One of the projects at the recent Hacker Hotel hacker camp in the Netherlands appeared to have achieved the impossible. A vertical PCB surface was holding pieces of paper as though they were pinned to it as on a notice board, yet there was no adhesive or fixings in sight. Was Harry Potter among the attendees, ready with a crafty bit of magic at a waggle of a wizard’s wand, or was a clever hack at work?
Of course, it was the latter, as [Jan-Henrik Hemsing], had created an electrostatic adhesion plate because he was curious about the phenomenon. A PCB with extra insulation has an array of conductors on one side that carry a very high voltage. High enough for electrostatic attraction to secure a piece of paper to the PCB.
The voltage is generated from an AC source by a Cockroft-Walton multiplier on the back of the PCB, and the front is coated with Plasti-Dip for insulation. It seems that soldermask is not a reliable insulator at such high voltages.
Using the board, [Jan] was able to attach a piece of paper to it with a shearing force of 5mN at 3kV applied voltage, which may not sound like much but appeared to be just enough to carefully pick the contraption up by the piece of paper. The boards are designed for tessellation, so larger arrays could easily be assembled.
We’ve never had a project quite like this one, but we have brought you an electrostatic ping-pong ball accelerator.
There was a time when taking a low DC voltage — say a single battery — and converting it to a higher voltage was painful. Now, however, cheap and easy-to-use DC to DC converters are readily available. For some small tasks, though, these can seem like overkill. For example, consider a case where you need to supply a higher voltage for a MOSFET gate that doesn’t draw much current. Perhaps you need that higher voltage to trigger a microcontroller’s programming mode and nothing else. The current draw is minimal, and a full-blown DC to DC converter is overkill. For cases like that, it is tempting to use some voltage multiplication scheme. There are many, but for this post, I’m going to take you inside a Dickson charge pump. This is Circuit VR because not only are we going to discuss the circuit, we’ll look at an LT Spice simulation you can try yourself.
The Dickson is interesting because it doesn’t require any AC conversion or transformers. Instead, it uses diodes or other switching elements to transfer charge between capacitors in stages. Each stage will effectively increase the voltage by the supply voltage — in theory. Reality isn’t so kind, though, as we’ll see.
Continue reading “Circuit VR: The Dickson Charge Pump”
In the past half-century, lasers have gone from expensive physics experiments using rods of ruby to cheap cutting or engraving tools, and toys used to tease cats. Advances in physics made it all possible, but it turns out that ruby lasers are still a lot of fun to play with, if you can do it without killing yourself.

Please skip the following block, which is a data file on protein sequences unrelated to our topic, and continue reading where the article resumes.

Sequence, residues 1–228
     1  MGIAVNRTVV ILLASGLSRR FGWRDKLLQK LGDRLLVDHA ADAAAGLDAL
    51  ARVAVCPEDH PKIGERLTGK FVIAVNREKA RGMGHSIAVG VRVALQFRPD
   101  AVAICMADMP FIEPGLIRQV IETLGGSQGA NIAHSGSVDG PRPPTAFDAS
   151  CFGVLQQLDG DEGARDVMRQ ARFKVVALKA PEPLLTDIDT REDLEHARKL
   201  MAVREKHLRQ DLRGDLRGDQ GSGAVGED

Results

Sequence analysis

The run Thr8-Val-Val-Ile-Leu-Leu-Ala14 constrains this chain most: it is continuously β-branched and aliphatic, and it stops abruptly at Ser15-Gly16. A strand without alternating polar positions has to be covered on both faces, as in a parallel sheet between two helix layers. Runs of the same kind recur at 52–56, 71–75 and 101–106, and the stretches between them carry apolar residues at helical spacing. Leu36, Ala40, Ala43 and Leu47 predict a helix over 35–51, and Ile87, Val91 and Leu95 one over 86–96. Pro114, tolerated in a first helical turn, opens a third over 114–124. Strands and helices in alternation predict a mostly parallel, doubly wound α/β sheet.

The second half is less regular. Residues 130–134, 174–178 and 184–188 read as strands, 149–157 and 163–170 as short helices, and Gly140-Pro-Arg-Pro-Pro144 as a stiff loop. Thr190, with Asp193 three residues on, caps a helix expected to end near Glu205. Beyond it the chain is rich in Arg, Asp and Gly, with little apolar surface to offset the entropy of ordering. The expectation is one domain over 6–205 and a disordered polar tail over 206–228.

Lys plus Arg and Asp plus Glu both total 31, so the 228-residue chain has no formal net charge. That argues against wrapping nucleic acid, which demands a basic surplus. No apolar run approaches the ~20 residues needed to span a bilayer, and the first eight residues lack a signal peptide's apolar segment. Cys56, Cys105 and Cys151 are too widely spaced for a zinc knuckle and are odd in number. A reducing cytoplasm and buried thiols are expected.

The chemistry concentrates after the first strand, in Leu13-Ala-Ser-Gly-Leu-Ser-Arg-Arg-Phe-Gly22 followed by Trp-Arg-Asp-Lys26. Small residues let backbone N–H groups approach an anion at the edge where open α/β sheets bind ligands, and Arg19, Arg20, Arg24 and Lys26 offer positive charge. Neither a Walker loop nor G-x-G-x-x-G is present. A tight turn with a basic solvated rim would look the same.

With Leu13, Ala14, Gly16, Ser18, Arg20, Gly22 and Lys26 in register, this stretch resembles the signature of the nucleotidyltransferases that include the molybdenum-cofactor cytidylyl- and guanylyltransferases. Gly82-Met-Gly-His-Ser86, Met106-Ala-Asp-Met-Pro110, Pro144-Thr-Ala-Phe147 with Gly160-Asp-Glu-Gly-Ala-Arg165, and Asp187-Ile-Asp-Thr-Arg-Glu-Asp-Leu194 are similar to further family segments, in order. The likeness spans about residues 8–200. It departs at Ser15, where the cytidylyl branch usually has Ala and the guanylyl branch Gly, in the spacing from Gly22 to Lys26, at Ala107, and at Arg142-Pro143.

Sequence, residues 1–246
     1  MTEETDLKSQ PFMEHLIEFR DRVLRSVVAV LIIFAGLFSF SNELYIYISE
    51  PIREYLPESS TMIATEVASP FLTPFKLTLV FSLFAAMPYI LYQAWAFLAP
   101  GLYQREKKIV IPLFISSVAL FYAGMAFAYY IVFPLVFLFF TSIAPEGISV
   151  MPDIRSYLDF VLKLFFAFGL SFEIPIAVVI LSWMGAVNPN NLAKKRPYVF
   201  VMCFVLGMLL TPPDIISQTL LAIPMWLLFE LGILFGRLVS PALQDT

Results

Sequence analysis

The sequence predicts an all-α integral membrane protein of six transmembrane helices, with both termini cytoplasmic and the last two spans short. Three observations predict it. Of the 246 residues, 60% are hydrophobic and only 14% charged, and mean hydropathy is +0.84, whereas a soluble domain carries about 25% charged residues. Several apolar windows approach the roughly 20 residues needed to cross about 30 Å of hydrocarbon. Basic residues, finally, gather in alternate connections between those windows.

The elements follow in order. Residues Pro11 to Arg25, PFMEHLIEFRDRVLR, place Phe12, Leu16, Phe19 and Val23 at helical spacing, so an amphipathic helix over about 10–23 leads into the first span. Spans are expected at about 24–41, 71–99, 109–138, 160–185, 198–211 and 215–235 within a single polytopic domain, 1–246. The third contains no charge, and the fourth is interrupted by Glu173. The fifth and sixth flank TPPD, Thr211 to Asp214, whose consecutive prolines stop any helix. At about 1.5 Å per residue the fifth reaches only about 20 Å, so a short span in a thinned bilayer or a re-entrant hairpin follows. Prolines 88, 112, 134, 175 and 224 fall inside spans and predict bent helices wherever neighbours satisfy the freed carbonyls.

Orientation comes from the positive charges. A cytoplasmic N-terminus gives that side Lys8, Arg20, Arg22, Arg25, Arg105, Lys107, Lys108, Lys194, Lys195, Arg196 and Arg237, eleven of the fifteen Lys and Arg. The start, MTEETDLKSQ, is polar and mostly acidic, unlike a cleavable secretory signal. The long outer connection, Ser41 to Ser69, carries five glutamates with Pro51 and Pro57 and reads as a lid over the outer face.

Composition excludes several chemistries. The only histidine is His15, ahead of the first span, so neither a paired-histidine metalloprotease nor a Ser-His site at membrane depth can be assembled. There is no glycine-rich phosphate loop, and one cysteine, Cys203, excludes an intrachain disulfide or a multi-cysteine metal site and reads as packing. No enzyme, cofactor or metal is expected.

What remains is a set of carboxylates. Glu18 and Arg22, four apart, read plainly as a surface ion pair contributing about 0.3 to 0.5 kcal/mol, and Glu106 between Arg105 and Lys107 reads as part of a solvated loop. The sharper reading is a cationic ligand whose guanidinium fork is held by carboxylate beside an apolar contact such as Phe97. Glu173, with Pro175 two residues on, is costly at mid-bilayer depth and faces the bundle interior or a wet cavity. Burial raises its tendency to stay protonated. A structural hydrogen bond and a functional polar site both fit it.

With a setup that looks like something from a mad scientist movie set, [styropyro]’s high-powered laser is a lot closer to the ray gun of science fiction than the usual lasers we see, though hardly portable. The business end of the rig is a large ruby rod nestled inside a coiled xenon flash lamp, which in turn is contained within a polished reflector. The power supply for the lamp is massive — microwave oven transformers, a huge voltage multiplier, and a bank of capacitors that he says can store 20 kilojoules. When triggered by a high-voltage pulse from a 555 oscillator and an old car ignition coil, the laser outputs a powerful pulse of light, which [styropyro] uses to dramatic effect, including destroying his own optics. We’d love to hear more about the power supply design; that Cockcroft-Walton multiplier made from PVC tubes bears some exploration.
Whatever the details, the build is pretty impressive, but we do urge a few simple safety precautions. Perhaps a look at [Ben Krasnow]’s 8-kJ ruby laser would help.
Continue reading “Home-Brew Ruby Laser Packs A Wallop”
If you need a high voltage, a voltage multiplier is one of the easiest ways to obtain it. A voltage multiplier is a specialized type of rectifier circuit that converts an AC voltage to a higher DC voltage. Invented by Heinrich Greinacher in 1919, they were used in the design of a particle accelerator that performed the first artificial nuclear disintegration, so you know they mean business.
Theoretically the output of the multiplier is an integer times the AC peak input voltage, and while they can work with any input voltage, the principal use for voltage multipliers is when very high voltages, in the order of tens of thousands or even millions of volts, are needed. They have the advantage of being relatively easy to build, and are cheaper than an equivalent high voltage transformer of the same output rating. If you need sparks for your mad science, perhaps a voltage multiplier can provide them for you.
Continue reading “How Does a Voltage Multiplier Work?”